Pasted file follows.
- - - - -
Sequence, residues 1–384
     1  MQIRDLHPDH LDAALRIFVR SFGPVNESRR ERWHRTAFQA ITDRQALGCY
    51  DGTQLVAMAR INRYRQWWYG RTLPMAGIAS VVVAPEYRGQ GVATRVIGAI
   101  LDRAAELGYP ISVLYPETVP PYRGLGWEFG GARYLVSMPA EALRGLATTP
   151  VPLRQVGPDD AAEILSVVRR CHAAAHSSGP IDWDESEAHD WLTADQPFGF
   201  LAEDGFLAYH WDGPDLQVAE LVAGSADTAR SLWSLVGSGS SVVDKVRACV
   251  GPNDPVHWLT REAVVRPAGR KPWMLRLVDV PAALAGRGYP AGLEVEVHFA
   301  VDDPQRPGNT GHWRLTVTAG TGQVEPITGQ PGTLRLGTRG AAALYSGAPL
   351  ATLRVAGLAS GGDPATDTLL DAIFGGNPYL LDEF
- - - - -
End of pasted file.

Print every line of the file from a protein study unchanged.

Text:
Sequence, residues 1–384
     1  MQIRDLHPDH LDAALRIFVR SFGPVNESRR ERWHRTAFQA ITDRQALGCY
    51  DGTQLVAMAR INRYRQWWYG RTLPMAGIAS VVVAPEYRGQ GVATRVIGAI
   101  LDRAAELGYP ISVLYPETVP PYRGLGWEFG GARYLVSMPA EALRGLATTP
   151  VPLRQVGPDD AAEILSVVRR CHAAAHSSGP IDWDESEAHD WLTADQPFGF
   201  LAEDGFLAYH WDGPDLQVAE LVAGSADTAR SLWSLVGSGS SVVDKVRACV
   251  GPNDPVHWLT REAVVRPAGR KPWMLRLVDV PAALAGRGYP AGLEVEVHFA
   301  VDDPQRPGNT GHWRLTVTAG TGQVEPITGQ PGTLRLGTRG AAALYSGAPL
   351  ATLRVAGLAS GGDPATDTLL DAIFGGNPYL LDEF